Rams coach Jeff Fisher recently confirmed that the Rams were interested in signing quarterback Nick Foles to a long-term contract, which begs the question: Are Fisher and the Rams being proactive or putting the cart before the horse?
Three years ago, Joe Flacco decided to bet on himself rather than signing a long-term extension with the Ravens in the 2012 offseason. After a rough first half, Flacco turned red-hot down the stretch and into the playoffs, leading Baltimore to a Super Bowl victory.
Flacco parlayed that success into a six-year, $120.6 million contract worth $52 million in guaranteed money.
If Foles doesn’t want to take a similar risk, he and his agent could “settle” for a deal in the range of $13-17 million, which is a realistic figure that ESPN’s Rams reporter Nick Wagoner has thrown out for Foles in recent weeks.
If the guaranteed money is low, then the risk is low and therefore signing Foles to a contract extension makes sense.
But, are Foles and his agent willing to accept peanuts, considering how much today’s quarterbacks are making?
It’s doubtful, and if the base salary and guarantees come anywhere close to what Chiefs QB Alex Smith signed for in 2014 (five years, $76 million with $45 million guaranteed), the risk outweighs the reward in my eyes.
Foles had a terrific 2013 season, throwing 27 touchdowns and just two interceptions. But, he played in a “quarterback-friendly” offense equipped with packaged plays that allowed him to make reads quickly and distribute the ball based on how the defense reacted pre and post-snap.
Foles is a cerebral player and there’s no doubt that he’ll pick up Frank Cignetti’s playbook in St. Louis. And it’s not like he didn’t have to read defenses and cycle through his progressions under Chip Kelly in Philadelphia.
The challenge for Foles will be playing under center after taking the majority of his snaps from shotgun in Philadelphia. It’s not the physical act of taking a snap from under center that’s the problem: It’s the timing and anticipation that’s vital for a quarterback in a pro-style offense.
Accuracy in the NFL is vital on every attempt. Don’t hit the receiver in the right spot and, at best, it’s a minimal gain or an incompletion. At worst, it’s a turnover worth six points for the opposition.
In order to be accurate, quarterbacks must perfect their footwork. This is an area at which Tom Brady, Peyton Manning, and Aaron Rodgers excel. They know how to time their drop steps to match their receivers’ routes and throw in rhythm so that their release point is the same on every throw. This doesn’t come naturally. The great ones have worked at the technique.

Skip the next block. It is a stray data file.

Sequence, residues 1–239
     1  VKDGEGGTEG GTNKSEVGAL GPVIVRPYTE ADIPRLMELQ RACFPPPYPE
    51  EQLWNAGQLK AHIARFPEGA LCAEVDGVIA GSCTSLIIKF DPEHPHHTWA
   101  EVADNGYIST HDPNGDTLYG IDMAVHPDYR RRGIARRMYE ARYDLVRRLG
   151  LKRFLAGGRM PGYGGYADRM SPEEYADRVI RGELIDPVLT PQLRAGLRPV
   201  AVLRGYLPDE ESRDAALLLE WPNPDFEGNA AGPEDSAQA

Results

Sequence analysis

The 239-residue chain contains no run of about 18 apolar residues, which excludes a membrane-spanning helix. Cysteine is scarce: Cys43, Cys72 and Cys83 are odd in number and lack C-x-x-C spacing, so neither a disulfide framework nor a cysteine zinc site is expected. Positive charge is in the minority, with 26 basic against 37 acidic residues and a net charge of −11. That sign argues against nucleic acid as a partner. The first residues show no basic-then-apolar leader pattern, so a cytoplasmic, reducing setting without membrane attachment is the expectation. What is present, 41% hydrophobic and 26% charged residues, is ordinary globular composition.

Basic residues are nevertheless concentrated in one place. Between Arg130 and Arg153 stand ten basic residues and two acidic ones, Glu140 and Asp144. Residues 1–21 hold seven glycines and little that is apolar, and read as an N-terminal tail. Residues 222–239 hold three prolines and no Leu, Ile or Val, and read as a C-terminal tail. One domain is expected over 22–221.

Foles is already drawing praise for his leadership and there’s no doubt that he has the size and arm strength to succeed in St. Louis, just as he did in 2013 with Philadelphia.
But just assuming Foles will make a seamless transition from Kelly’s offense to a more traditional system is a risk.
So, why pay him even average money before he’s proven he can deliver in live games?
Also, many argue the Rams should sign Foles to a deal now in case he has a great season and costs more in the offseason.
But, the guy will be quarterbacking a run-first offense. What type of numbers do you think Foles is going to put up in a Rams offense that wants to run the ball the majority of the time
Andy Dalton played in a run-first offense for the Bengals last year and threw for 19 touchdowns with 17 picks. Smith threw for 18 touchdowns and six picks with KC, while Colin Kaepernick finished with 19 touchdowns and 10 interceptions. Russell Wilson, who played in Seattle’s run-first system, put up 20 touchdowns and seven interceptions.
While we haven’t see the offense that Cignetti will run, it’s safe to assume, based on Fisher’s preferences and the moves the team made this offseason, the Rams are going to pound the ball on the ground.
It’s just a projection, but Foles’ ceiling is realistically 20-23 touchdowns with 10-15 interceptions. Those aren’t exactly Andrew Luck numbers.
The people suggesting the Rams pay Foles now are the same people that love to point out how Foles will have success because the Rams are going to run the ball effectively. Well, if the Rams aren’t going to require their quarterback to put the ball in the air 40 times a game, it will limit Foles’ opportunities to rack up big yardage and big touchdown totals. Thus, his asking price isn’t going to be high when he becomes a free agent.
I know the argument…”But, there won’t be better options than Foles!” Valid point, but the Rams can still make him prove his worth this season without handing him a new contract and thus blindly assuming he’ll exceed their expectations.
Again, if he’s not going to post elite quarterback numbers, why worry about having to pay him elite money at the end of the year? The Rams could always franchise him and then work on a deal that’s fair for both sides.
Don’t get it twisted: I’m excited to watch Foles this season. I loved the Sam Bradford trade when it went down and the Rams made the right decision to unburden themselves from Bradford’s contract and durability issues a year from now (regardless of how either Foles or Bradford performs in 2015).
If Foles is willing to accept a new deal for peanuts, by all means, sign him now with the risk being low.
But, when it comes to signing him for even average QB money, I’d rather the Rams risk having to pay Foles a little more a year from now if it means knowing that he can succeed in their system.
I’ll take that over regretting a long-term commitment if the production never comes.
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